Seems I was slow on the draw with this article that I actually wrote to post someplace newsy. I'm posting it here despite the fact that it's not the typical style for this blog.
I'm not ashamed to admit that I was looking forward to "The Interview," the new comedy from perennial stoners Seth Rogan and James Franco. But I'm gonna have to make new plans for Christmas Day, since it will no longer be showing in American theatres. Thanks Obama! Oh, I mean Thanks Sony!
What led up to this? Well, "The Interview" reportedly angered North Koreans since it…you know, openly mocks their leader. Kim Jong Un, of course, was rumored to have fed his own Uncle to wild dogs, has outlawed anyone having his name, and is generally a crazy cuckoo-pants. He also seriously needs to fire his stylist. Right before thanksgiving, it was believed that angry fans of "Dear Leader" hacked into Sony's most secure servers. The hackers called themselves Guardians of Peace or "GOP." Embarrassing exposures ranged from the new James Bond script, to tons of private Emails and some bullcrap about Alex Trebek not wanting to reshoot Jeopardy around a kid's temper tantrum. The massive hack left Sony angry and embarrassed. The FBI is still investigating.
Cut to December 17th, and several major theatre chains refused to show the film after GOP released a warning that included the message: "Soon all the world will see what an awful movie Sony Pictures Entertainment has made…the world will be full of fear…remember the 11th of September 2001." Sony has since decided to indefinitely postpone the release of "The Interview." So I guess that means that the terrorists got exactly what they wanted.
Theatre chains declining to show the film include Regal, AMC, Carmike, Cineplex, and Bowtie. I imagine more would have joined this group if Sony had not decided to pull the film altogether. The statements from the theatres and from Sony all lamented the decision, reiterated their commitment to artistic freedom, and then said that safety was the most important thing. Odd, because usually when people talk about America, it's the freedom that takes center stage. Would theatres or Sony Pictures be responsible for those hurt in a terrorist attack protesting "The Interview?" Of course not. The terrorists would be. But Sony is responsible for giving in to those who would use fear to gain control over others.
In the immediate aftermath of the Sony hack, ponderings that it may have been North Korea were quickly shouted down by both Sony and the FBI. In recent days, Gizmodo , CNN, and Kaspersky have all asserted North Korean involvement according to their own sources. Internet wags have wasted no time in pointing out other times American films have mocked world leaders. Team America: World Police spoofed Kim Jong Il relentlessly, causing controversy—but nothing that delayed the film's release. Trey Parker and Matt Stone have never been shy about ridiculing dictators from Osama Bin Laden, to Saddam Hussein, and even showing a cartoon of the prophet Mohammed back before people were routinely murdered for doing so.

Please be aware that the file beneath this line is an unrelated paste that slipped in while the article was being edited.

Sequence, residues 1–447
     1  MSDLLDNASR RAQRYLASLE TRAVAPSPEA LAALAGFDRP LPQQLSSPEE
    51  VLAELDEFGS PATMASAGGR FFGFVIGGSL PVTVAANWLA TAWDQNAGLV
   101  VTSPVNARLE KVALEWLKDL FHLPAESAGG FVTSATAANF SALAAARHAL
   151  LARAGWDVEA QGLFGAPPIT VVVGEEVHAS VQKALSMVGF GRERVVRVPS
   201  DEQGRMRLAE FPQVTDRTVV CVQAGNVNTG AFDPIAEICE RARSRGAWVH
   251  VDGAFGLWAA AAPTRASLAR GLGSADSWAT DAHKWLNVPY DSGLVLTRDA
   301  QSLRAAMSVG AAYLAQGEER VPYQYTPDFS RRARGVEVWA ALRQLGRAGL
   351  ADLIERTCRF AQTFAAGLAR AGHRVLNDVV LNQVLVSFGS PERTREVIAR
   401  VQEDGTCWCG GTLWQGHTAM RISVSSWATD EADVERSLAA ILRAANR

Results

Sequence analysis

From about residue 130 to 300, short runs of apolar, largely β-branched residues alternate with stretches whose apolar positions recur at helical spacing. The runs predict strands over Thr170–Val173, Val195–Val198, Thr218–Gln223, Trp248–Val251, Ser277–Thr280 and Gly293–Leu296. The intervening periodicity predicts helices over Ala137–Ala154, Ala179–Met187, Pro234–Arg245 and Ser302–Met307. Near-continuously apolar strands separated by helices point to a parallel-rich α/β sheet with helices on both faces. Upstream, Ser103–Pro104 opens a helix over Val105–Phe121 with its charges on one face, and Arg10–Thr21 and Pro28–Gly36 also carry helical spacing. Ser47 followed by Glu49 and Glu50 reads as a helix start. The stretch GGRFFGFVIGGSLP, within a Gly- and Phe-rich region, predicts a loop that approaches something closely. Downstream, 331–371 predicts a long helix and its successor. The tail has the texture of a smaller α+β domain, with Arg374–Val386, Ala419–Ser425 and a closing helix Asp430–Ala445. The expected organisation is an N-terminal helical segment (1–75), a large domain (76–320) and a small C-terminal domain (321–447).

Cynics are wondering aloud whether this is all some giant publicity stunt. I don't see how. I also can't see how a decision that will surely lead to massive illegal pirating could possibly be helpful to Sony. Does anybody honestly believe they'd allow the new James Bond script to be leaked to promote a Seth Rogan movie? No offense to Mr Rogen, but I don't fucking think so.
Can a company truly support freedom of artistic expression if they're pulling films because people are upset by the content? I don't see how. Are we really a free society when humor is stifled at the behest of terrorists? Freer than some, perhaps, but not as free as we claim to be. I certainly hope Sony won't keep "The Interview" under wraps for much longer. A Video-on-Demand release seems inevitable, yet no one has confirmed that anyone is even discussing it.
To some, a stoner comedy like "The Interview" may not be vital or important enough to warrant this kind of attention. But that's not the point. It's also not about whether you like James Franco, think Seth Rogan has a dumb laugh, or believe that mocking people is mean. If pioneering smut peddler Larry Flint has taught us anything, it's that every form of expression needs to be protected, even those we don't personally like—even under the threat of arrest, censure, or terrorist threat. Otherwise, we're not protecting freedom. We'd just be sticking up for things we already like.